A balancing account is an accounting mechanism used by regulated utilities to keep track of the difference between projected expenses and actual expenses or projected revenues and actual revenues. When allowed by regulation (this varies greatly from state to state and even sometimes for utilities in the same state), any differences covered by the balancing account are added to or subtracted from future revenue requirements, thus insulating the utility and its customers from risks of revenue or expense deviations. Typical portions of the revenue requirement covered by balancing accounts may include fuel costs and revenue fluctuations due to energy use that differs from the forecast for utilities with revenue decoupling. The use of balancing accounts to stabilize revenues associated with weather conditions is called weather normalization.
Balancing accounts can be either one-way or two-way. In a two-way balancing account, both overcollections and undercollections are tracked, and they are ultimately returned to or collected from ratepayers. But in a one-way balancing account, costs that fall short of the spending target are returned to ratepayers. If spending exceeds the target, the overage is not recoverable and is borne by shareholders. If the one-way balancing account is tracking revenues, those that fall short of the target are not recoverable and are again borne by shareholders. However, revenues in excess of the target are tracked and returned to ratepayers in a future rate cycle.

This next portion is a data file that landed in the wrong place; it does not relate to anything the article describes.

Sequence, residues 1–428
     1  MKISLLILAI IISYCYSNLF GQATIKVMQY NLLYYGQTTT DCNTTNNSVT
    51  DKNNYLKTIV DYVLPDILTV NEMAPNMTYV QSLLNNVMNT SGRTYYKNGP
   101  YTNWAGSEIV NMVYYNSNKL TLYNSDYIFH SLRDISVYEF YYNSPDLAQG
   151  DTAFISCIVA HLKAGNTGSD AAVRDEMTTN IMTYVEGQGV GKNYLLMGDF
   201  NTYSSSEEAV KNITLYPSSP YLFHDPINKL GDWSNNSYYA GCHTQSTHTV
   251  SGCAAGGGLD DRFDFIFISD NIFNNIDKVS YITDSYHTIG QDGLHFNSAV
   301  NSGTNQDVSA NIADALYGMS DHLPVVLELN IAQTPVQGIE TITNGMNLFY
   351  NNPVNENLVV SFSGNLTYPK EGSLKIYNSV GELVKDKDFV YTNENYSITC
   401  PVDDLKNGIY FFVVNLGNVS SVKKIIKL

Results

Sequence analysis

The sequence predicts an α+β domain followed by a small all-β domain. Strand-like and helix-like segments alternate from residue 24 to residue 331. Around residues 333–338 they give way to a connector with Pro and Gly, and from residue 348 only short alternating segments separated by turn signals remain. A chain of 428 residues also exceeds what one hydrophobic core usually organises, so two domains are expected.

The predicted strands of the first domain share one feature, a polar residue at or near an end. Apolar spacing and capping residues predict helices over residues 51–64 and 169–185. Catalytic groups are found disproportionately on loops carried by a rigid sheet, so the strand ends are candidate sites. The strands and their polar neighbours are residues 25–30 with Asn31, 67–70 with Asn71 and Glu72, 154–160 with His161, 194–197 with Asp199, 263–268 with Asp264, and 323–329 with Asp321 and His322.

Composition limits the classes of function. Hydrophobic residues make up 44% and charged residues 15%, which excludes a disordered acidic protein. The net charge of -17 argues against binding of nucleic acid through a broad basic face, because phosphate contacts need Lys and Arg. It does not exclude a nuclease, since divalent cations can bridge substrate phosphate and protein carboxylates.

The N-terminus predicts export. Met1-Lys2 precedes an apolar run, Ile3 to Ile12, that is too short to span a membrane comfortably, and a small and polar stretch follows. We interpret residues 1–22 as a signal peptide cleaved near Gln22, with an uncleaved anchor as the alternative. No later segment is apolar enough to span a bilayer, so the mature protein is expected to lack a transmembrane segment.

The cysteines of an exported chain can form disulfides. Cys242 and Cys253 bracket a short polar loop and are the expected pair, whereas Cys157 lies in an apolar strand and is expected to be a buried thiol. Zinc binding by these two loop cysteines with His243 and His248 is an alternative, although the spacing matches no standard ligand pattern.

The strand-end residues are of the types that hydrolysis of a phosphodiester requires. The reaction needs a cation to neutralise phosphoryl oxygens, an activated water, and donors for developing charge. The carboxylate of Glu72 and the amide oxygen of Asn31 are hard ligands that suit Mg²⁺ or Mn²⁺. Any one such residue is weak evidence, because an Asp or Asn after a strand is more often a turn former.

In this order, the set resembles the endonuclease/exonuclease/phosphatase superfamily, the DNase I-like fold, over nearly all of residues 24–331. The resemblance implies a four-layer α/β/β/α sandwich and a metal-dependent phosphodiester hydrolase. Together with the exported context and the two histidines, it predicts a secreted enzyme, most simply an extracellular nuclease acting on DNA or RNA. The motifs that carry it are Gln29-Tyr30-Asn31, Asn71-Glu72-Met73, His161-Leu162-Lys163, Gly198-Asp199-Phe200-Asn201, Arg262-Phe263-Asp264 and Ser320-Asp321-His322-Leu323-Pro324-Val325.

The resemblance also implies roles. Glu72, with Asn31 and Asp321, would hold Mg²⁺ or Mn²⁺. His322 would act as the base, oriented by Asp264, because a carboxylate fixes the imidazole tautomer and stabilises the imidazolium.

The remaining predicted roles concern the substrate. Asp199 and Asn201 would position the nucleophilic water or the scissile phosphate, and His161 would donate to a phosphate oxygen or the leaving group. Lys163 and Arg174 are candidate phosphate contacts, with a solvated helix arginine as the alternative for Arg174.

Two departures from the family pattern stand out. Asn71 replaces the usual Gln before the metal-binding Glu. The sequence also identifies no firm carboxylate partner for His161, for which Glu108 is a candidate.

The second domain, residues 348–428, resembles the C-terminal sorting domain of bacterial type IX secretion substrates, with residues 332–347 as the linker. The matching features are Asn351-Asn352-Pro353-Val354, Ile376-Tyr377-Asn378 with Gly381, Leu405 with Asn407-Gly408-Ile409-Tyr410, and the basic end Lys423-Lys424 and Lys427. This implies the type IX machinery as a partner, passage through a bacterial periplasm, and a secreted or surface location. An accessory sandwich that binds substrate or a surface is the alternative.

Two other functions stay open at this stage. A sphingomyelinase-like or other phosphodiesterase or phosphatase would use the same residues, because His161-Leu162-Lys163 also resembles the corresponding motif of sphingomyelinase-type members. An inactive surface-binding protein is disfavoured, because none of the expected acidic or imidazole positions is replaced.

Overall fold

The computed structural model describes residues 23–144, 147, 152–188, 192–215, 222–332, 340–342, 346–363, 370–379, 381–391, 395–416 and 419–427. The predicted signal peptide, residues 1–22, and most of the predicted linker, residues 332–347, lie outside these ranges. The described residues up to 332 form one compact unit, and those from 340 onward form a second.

Note that a balancing account can be positive (the utility owes ratepayers) or negative (the ratepayers owe the utility). At the beginning of a rate-setting period, rates are set such that the balance is zeroed out, with balances amortized over a certain period of time. Amounts in a balancing account (either positive or negative) typically accrue interest.